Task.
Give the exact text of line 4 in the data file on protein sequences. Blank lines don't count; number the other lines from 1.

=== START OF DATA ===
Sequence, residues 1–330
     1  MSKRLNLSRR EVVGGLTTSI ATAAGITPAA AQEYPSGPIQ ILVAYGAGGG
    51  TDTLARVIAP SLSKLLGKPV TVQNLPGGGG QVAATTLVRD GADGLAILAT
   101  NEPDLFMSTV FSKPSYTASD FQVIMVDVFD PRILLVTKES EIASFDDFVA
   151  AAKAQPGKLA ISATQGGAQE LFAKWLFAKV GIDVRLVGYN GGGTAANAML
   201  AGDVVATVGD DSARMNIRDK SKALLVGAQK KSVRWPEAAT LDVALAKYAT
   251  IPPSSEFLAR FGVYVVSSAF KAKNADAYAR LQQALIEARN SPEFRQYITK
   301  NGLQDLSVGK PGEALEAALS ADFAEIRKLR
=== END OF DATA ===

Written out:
   101  NEPDLFMSTV FSKPSYTASD FQVIMVDVFD PRILLVTKES EIASFDDFVA